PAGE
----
Hurricane Maria, a category 3 storm, is passing over Puerto Rico. Winds as high as 115 mph have uprooted trees and heavy rain is causing major flooding throughout the island’s interior.
The storm is expected to leave widespread structural damage in its wake, and the entire island was reportedly without power on Wednesday afternoon.
The loss of power presents a range of health risks. Patients on dialysis and other forms of life support are at grave risk if their medical equipment powers down.
Even before Puerto Rico was struck before Hurricane Irma, Direct Relief was coordinating with the Puerto Rico Department of Health, Office of Public Health Preparedness and Response regarding emergency response activities. Direct Relief is currently working with contacts at the country’s emergency operations center to gather a list of needs.
The two municipal islands of Culebras and Vieques, located to the east of Puerto Rico, were affected by Hurricane Irma. Four shipments, including antibiotics, wound care and other medical supplies, are scheduled to leave for these municipalities Tuesday.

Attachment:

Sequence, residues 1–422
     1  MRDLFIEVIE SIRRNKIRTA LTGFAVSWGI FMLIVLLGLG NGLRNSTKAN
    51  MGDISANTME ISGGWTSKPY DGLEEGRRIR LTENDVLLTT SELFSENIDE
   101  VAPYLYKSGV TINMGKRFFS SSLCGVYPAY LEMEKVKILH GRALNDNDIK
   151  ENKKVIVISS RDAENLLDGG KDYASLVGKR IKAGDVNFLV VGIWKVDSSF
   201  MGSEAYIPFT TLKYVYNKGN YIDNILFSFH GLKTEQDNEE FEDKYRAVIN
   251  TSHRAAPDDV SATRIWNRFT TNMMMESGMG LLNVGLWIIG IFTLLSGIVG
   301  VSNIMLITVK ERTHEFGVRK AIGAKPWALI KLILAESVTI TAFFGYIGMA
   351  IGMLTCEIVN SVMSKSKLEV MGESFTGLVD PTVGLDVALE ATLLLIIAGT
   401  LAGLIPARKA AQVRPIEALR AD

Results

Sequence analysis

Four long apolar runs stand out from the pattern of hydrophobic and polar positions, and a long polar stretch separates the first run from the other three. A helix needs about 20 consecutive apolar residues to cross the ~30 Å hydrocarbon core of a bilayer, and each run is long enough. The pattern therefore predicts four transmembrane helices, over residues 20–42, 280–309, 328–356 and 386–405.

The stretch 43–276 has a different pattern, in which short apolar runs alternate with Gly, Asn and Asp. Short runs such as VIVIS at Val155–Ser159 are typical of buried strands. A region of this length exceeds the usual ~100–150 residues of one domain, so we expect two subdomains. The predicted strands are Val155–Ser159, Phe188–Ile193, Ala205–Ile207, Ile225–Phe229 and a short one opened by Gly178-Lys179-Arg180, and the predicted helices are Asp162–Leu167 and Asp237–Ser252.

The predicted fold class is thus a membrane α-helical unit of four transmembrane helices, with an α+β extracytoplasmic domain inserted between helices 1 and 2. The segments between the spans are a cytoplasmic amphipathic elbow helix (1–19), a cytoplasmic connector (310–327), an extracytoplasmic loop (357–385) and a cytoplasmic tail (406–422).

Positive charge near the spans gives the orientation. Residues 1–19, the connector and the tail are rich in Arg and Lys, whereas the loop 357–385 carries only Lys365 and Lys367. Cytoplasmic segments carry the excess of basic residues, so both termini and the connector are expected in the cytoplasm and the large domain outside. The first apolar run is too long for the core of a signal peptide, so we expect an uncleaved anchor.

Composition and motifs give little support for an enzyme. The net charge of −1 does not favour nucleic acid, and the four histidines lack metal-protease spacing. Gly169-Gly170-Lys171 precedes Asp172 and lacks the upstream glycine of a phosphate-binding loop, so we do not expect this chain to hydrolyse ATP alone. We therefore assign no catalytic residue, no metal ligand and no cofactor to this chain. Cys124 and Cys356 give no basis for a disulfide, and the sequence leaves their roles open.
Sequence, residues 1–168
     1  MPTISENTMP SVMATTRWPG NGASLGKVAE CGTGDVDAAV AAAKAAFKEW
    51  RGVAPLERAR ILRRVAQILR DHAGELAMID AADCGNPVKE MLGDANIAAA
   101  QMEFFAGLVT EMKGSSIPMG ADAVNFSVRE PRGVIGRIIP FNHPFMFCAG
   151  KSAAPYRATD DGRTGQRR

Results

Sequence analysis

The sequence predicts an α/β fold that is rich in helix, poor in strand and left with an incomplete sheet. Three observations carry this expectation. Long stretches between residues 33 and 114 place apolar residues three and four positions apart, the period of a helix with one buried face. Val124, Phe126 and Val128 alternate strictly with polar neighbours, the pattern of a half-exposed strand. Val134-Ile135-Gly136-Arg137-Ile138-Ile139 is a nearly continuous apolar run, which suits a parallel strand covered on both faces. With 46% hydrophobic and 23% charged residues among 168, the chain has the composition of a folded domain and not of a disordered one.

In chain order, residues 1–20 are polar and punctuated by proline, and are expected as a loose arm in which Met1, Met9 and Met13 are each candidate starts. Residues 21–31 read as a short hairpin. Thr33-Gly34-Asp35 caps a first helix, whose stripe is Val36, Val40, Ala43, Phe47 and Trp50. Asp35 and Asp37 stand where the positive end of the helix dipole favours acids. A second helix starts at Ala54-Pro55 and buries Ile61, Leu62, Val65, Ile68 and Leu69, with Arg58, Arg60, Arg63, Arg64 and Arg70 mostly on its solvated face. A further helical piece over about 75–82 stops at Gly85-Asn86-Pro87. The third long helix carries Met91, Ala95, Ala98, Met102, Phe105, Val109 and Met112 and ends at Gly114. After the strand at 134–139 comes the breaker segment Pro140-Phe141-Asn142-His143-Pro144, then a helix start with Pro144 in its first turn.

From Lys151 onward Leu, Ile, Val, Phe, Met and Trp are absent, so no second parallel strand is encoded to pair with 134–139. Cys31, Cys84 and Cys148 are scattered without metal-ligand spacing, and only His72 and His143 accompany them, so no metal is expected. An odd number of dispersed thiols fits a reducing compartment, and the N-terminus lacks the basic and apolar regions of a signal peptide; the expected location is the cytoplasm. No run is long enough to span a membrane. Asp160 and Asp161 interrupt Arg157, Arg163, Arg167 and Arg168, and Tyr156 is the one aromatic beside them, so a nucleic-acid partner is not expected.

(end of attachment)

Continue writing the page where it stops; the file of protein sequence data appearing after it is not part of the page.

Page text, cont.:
Puerto Rico is currently caring for about 120 dialysis patients from other parts of the Caribbean that are currently being housed in hotels. Direct Relief is in contact with physicians caring for many of those patients and working on a needs list for insulin and other required medications.
Direct Relief is also responding to emergency medical needs in other hurricane-affected parts of the Caribbean. Multiple shipments of medical aid have gone out to St. Maarten, British Virgin Islands, Anguilla, Haiti and the Dominican Republic.
Direct Relief has also received requests for medical aid from two medical distributions centers that will be a hub for donations going to medical clinics seeing patients affected by Hurricane Maria. Several shipments are scheduled to depart this week.